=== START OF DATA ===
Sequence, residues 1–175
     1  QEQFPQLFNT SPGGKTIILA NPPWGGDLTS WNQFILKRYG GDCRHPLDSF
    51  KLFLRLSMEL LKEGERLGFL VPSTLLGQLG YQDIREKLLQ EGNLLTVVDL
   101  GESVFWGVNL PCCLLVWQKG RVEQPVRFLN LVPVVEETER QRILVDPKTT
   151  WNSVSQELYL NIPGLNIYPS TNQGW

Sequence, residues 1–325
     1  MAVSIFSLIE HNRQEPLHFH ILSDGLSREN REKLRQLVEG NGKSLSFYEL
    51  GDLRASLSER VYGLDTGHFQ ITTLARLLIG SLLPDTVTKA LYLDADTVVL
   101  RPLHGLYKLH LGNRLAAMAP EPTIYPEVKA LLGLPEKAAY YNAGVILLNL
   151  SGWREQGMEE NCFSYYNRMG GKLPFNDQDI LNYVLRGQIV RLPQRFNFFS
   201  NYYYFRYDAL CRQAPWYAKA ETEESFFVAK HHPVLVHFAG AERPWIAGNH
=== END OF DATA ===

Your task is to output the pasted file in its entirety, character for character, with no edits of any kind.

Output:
Sequence, residues 1–175
     1  QEQFPQLFNT SPGGKTIILA NPPWGGDLTS WNQFILKRYG GDCRHPLDSF
    51  KLFLRLSMEL LKEGERLGFL VPSTLLGQLG YQDIREKLLQ EGNLLTVVDL
   101  GESVFWGVNL PCCLLVWQKG RVEQPVRFLN LVPVVEETER QRILVDPKTT
   151  WNSVSQELYL NIPGLNIYPS TNQGW

Sequence, residues 1–325
     1  MAVSIFSLIE HNRQEPLHFH ILSDGLSREN REKLRQLVEG NGKSLSFYEL
    51  GDLRASLSER VYGLDTGHFQ ITTLARLLIG SLLPDTVTKA LYLDADTVVL
   101  RPLHGLYKLH LGNRLAAMAP EPTIYPEVKA LLGLPEKAAY YNAGVILLNL
   151  SGWREQGMEE NCFSYYNRMG GKLPFNDQDI LNYVLRGQIV RLPQRFNFFS
   201  NYYYFRYDAL CRQAPWYAKA ETEESFFVAK HHPVLVHFAG AERPWIAGNH